“ with its river / a sky in the palm of a hand / never unknown and never known / … the river still seems not to move / as though it were the same river" –W. S. Merwin, from "No Shadow”
Photo: Gorge along the Genesee River as it flows through Letchworth State Park in Western New York. Some of the rock walls are as high as 550 feet, prompting the area to be called the “Grand Canyon of the East.”
The Grand Canyon is unreal. It’s feels as if you are staring at a painting or a backdrop for a John Wayne movie.
Jess and I visited the South Rim. I really would have liked to to gone to the North Rim just to avoid the Disney World crowd like madness. Our trip was originally planned for coming up from southern Arizona so the South Rim made sense. Due to the fires in the Coconino area and our reservations being cancelled our trip changed last minute and was rerouted.
After setting up camp we headed to the visitor center to attend to our ritual, postcards and a sticker. The visitor center had to have thousands of people there, total madness. The stress levels started to rise. After coming from Bryce and Arches, the crowds just were too much to handle.
Luckily Jess and I read up on a few cool hikes to beautiful views of the South Rim away from the overwhelming crowds. We headed to the first hike’s trailhead, two other cars in the small parking lot was a great sign. We headed down the trail excited to get “our” views of the Grand Canyon. The Grand Canyon is a very spiritual place, I didn’t want that compromised because of the stampede like crowd of tourists. So two cars in the parking lot was an exciting view. The trail was only a little over a mile each way, cake. Coming around the last bend was more than we could have asked for. A ledge that ultimately sticks out into the canyon, I saw Jess’s face light up. After spending hours that only seemed like a mere five minutes we headed back to camp.
This morning we woke up with a family of Elk in our campsite. Grazing the grass and paying no mind to Jess and I’s excitement. We hung out with the elk as one while we ate our egg white burritos. The smile wouldn’t leave my face, waking up with Elk 50 feet from us is what it’s all about.
This morning we are headed to a few more view points including Desert View which I am pretty excited about. I definitely would like to come back to the Grand Canyon and hike down into the canyon. Unfortunately when I booked the sites, all the backcountry permits for camping were booked up. Always next time. Now we are headed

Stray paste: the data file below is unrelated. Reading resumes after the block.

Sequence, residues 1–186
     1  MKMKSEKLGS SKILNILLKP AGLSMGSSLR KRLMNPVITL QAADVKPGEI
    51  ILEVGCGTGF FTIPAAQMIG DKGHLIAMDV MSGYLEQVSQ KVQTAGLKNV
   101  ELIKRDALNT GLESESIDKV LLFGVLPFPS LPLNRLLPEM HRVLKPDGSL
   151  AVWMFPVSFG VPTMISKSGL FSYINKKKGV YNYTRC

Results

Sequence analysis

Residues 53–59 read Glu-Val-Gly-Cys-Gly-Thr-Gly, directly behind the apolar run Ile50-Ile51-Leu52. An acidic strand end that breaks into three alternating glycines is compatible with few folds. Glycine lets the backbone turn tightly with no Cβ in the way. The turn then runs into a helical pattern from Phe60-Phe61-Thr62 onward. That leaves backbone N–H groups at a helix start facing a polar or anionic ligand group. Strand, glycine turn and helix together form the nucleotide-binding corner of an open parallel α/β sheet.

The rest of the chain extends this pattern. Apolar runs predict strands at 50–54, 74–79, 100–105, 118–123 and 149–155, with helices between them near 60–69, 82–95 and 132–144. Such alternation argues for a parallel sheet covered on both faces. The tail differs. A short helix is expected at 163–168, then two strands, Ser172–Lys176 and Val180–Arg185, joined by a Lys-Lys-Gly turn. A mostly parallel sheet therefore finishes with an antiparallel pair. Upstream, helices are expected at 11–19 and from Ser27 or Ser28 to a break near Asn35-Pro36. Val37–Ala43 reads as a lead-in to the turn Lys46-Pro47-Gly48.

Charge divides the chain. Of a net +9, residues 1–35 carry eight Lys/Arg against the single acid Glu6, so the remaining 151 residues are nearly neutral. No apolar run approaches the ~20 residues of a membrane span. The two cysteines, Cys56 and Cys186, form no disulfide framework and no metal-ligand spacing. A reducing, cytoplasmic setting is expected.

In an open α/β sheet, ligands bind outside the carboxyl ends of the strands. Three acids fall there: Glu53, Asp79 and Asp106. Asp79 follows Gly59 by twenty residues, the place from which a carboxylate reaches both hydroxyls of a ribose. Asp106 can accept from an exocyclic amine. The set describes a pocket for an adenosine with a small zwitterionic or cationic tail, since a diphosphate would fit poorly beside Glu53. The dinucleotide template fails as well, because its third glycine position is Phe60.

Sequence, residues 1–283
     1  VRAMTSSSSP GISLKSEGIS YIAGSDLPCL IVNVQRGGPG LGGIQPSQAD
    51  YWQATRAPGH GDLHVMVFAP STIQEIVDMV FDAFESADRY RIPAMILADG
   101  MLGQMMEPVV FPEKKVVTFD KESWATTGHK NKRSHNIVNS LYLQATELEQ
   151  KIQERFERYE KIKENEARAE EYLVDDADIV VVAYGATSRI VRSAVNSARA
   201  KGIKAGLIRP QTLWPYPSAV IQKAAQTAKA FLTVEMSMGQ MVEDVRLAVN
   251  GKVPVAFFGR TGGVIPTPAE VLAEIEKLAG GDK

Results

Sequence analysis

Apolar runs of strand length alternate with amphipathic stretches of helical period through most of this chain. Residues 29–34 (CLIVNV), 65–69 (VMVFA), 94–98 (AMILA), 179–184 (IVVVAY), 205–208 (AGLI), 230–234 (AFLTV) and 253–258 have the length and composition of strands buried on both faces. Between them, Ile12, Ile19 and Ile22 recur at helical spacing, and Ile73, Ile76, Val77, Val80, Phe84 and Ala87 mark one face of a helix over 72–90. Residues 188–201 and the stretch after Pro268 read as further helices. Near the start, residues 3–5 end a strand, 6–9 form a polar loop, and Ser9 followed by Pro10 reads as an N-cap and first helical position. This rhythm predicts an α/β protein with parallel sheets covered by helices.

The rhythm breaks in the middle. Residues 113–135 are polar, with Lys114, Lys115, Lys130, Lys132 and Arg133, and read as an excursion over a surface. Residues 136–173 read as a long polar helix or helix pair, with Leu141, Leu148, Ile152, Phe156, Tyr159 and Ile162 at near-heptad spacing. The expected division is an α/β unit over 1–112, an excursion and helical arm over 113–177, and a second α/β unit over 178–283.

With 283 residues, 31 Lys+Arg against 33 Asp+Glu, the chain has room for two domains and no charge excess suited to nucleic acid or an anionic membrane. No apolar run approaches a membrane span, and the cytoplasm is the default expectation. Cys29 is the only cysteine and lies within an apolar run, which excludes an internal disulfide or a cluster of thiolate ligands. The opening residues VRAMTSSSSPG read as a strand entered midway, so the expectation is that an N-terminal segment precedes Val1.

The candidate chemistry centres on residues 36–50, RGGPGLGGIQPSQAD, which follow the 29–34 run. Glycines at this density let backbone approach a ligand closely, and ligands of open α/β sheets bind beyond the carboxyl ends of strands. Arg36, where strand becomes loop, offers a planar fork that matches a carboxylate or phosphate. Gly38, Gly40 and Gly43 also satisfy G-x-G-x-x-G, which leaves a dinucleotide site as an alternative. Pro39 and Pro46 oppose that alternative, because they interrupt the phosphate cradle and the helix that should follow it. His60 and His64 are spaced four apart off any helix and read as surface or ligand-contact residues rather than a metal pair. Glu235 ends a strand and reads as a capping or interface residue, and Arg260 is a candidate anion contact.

back into the magical state of Utah to experience Zion National Park. We only have two nights there. We will be nonstop, fitting in as much as we can. We can always sleep this fall when we head back east.
The Colorado River runs from Las Vegas to the Gulf of California. What was once a “natural stream,” David Owen writes in The New Yorker, is now “a dispersed and brachiating resource-distribution system.”
Photographs by Pete McBride, from his book “The Colorado River: Flowing Through Conflict.” See more on newyorker.com.
“A house site – east of Bissell Point.” Grand Canyon, Arizona
Creator: Amelia and Josephine Hollenback Date: 1897 Negative Number HP.2011.26.4
“…the precipices right down from this ancient fort like dwelling looked in some places to be fully 2,000 feet, Mr. Hance was actually scared at the sight in some places, and called it ‘awful, sure thing!’ We took several pictures of the point, the last one with my large camera showed the best advantage with Captain Hance standing down at the foot of the wall and Minna up on some of its ruins.”
This week, we’re looking at MAVEN’s exploration of Mars, the Orionid meteor showers, Mercury’s “great valley” and more.
1. Celebrating MAVEN
MAVEN, the Mars Atmospheric and Volatile Evolution, was the second mission selected for our Mars Scout program and the first to explore the planet’s upper atmosphere
. It launched on November 18, 2013 and entered orbit around Mars on September 21, 2014.
This time-lapse sequence of Hubble Space Telescope images shows Jupiter’s moon Europa as it moved across the planet’s face over the course of 19 minutes. Europa is at the bottom center on Jupiter’s disk, the Great Red Spot to the left and Europa’s shadow to its right. The video was created by combining six snapshots taken in ultraviolet light with Hubble’s Wide Field Camera 3.
A newly discovered “great valley” in the southern hemisphere of Mercury provides more evidence that the planet closest to the sun is shrinking. Using stereo images from our MESSENGER spacecraft to create a high-resolution map, scientists have discovered that revealed the broad valley – more than 620 miles (1,000 kilometers) long – extending into the Rembrandt basin, one of the largest and youngest impact basins on Mercury. About 250 miles (400 kilometers) wide and 2 miles (3 kilometers) deep, Mercury’s great valley is smaller than Mars’ Valles Marineris, but larger than North America’s Grand Canyon and wider and deeper than the Great Rift Valley in East Africa.
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Discover the full list of 10 things to know about our solar system this week HERE.